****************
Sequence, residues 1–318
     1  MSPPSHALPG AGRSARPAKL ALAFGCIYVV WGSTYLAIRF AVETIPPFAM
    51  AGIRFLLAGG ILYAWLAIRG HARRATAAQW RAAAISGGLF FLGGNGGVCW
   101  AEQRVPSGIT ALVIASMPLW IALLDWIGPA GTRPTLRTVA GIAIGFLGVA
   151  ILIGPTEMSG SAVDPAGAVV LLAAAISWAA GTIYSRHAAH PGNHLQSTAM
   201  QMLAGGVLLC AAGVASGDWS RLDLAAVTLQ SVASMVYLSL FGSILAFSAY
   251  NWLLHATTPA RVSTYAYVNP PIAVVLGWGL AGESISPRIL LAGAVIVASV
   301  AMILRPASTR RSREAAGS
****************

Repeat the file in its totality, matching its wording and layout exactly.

Sequence, residues 1–318
     1  MSPPSHALPG AGRSARPAKL ALAFGCIYVV WGSTYLAIRF AVETIPPFAM
    51  AGIRFLLAGG ILYAWLAIRG HARRATAAQW RAAAISGGLF FLGGNGGVCW
   101  AEQRVPSGIT ALVIASMPLW IALLDWIGPA GTRPTLRTVA GIAIGFLGVA
   151  ILIGPTEMSG SAVDPAGAVV LLAAAISWAA GTIYSRHAAH PGNHLQSTAM
   201  QMLAGGVLLC AAGVASGDWS RLDLAAVTLQ SVASMVYLSL FGSILAFSAY
   251  NWLLHATTPA RVSTYAYVNP PIAVVLGWGL AGESISPRIL LAGAVIVASV
   301  AMILRPASTR RSREAAGS